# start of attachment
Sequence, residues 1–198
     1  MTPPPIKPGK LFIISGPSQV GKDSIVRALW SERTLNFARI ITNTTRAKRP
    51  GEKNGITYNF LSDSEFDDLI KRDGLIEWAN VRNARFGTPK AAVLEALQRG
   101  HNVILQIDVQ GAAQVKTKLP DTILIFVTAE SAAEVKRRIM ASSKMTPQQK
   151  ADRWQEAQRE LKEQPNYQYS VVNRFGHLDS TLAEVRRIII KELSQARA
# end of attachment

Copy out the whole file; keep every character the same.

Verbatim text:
Sequence, residues 1–198
     1  MTPPPIKPGK LFIISGPSQV GKDSIVRALW SERTLNFARI ITNTTRAKRP
    51  GEKNGITYNF LSDSEFDDLI KRDGLIEWAN VRNARFGTPK AAVLEALQRG
   101  HNVILQIDVQ GAAQVKTKLP DTILIFVTAE SAAEVKRRIM ASSKMTPQQK
   151  ADRWQEAQRE LKEQPNYQYS VVNRFGHLDS TLAEVRRIII KELSQARA